Supreme Court Decisions Every American Should Know About #2: U.S. v. LopezAugust 10, 2009
Today I continue my series of posts on Supreme Court decisions that, in my opinion, greatly redefined how a particular provision of the Constitution is interpreted or had a long-lasting impact on some area of public policy in the United States, for better or for worse.
This installment features the case United States v. Lopez, a 1995 case on the Commerce Clause which may have actually saved federalism in America from near-certain demise.
United States v. Lopez, 514 U.S. 549 (1995) put an end to the ridiculous expansion of Congressional power through the Commerce Clause that had occurred for the 50 years following the decision in Wickard v. Filburn (see my post on Wickard for more info). Justice Rehnquist, writing the opinion, put his foot down and said that there is a clear limit to what constitutes economic activity in interstate commerce within the meaning of the Commerce Clause.
Lopez was a high school senior who decided to bring a gun to school in 1992. He was charged with violating the Gun Free School Zone Act of 1990, U.S.C 922(q), in which Congress claimed authority to regulate gun posession in school zones (a criminal activity within the jurisdiction of state police powers). The government argued that since gun violence in schools had a negative aggregate effect on education, it would in turn have a negative effect on interstate commerce, and was thus within the definition of what Congress could regulate using the Commerce Clause.
The error of this logic is simple. Not only is possession of a gun in a school zone not an economic activity…it is also an activity which has nothing to with interstate commerce. If the Court had ruled in favor of the Government’s position, then it would have likely given Congress a carte blanche to regulate any activity whatsoever, no matter how remote the activity’s connection is to interstate commerce.
But as Rehnquist stated:
“To uphold the Government’s contentions here, we would have to pile inference upon inference in a manner that would bid fair to convert congressional authority under the Commerce Clause to a general police power of the sort retained by the States. Admittedly, some of our prior cases have taken long steps down that road, giving great deference to congressional action…but we decline here to proceed any further. To do so would require us to conclude that the Constitution’s enumeration of power does not presuppose something not enumerated…and that there will never be a distinction between what is truly national and what is truly local..This we are unwilling to do. “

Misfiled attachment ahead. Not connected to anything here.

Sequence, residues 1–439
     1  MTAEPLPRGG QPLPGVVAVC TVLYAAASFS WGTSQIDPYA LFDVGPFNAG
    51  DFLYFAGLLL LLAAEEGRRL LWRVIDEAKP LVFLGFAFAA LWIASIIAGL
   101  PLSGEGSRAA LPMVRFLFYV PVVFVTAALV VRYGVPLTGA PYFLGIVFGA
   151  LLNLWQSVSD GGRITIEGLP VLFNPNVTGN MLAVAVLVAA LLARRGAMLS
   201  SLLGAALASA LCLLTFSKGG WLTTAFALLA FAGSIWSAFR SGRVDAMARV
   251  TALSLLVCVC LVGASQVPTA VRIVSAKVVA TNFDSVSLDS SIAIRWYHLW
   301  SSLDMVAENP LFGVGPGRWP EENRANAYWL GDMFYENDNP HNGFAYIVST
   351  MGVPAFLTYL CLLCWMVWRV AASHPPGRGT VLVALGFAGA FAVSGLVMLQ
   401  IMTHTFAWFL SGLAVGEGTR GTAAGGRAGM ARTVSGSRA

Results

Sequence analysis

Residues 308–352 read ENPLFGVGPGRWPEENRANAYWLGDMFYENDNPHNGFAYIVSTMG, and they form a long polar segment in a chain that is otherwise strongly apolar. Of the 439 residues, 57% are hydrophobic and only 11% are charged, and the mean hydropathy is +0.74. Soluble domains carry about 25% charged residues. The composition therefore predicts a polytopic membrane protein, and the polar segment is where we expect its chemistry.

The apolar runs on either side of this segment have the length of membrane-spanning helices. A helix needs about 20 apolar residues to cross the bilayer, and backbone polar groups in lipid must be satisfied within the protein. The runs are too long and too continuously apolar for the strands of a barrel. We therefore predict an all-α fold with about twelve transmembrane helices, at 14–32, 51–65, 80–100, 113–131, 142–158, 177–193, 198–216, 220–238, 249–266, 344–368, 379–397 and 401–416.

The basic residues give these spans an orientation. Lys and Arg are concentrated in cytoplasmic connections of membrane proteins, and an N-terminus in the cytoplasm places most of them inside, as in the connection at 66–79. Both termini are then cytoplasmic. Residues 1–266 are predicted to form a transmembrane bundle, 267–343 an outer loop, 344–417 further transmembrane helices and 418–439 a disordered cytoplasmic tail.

Thus, instead of continuing the Court’s trend of deferring to Congress whenever the Government wished to regulate non-economic or non-interstate activities, Rehnquist and his fellow justices laid down a standard which would define more sharply what could be considered interstate commerce within the meaning of the Commerce Clause. These activities and things which Congress may regulate are:
1. The channels of interstate commerce
2.Instrumentalities of interstate commerce, or persons or things in interstate commerce
3. Activities having a substantial affect on interstate commerce.
By sharply limiting how the Commerce Clause could be interpreted, the Court essentially prevented the demise of federalism. Decades of federal encroachment on state police powers were about to come to an end. As Rehnquist stated in the opinion, had the Court accepted the Government’s arguments, it would have validated a widely held belief that there was no thing, no activity, and no person which Congress did not have the power to regulate. But the Court ruled in favor of federalism, states’ rights and limited government, and those ideas are still alive–barely, but nonetheless still alive.
You can read the full text of the majority opinion here.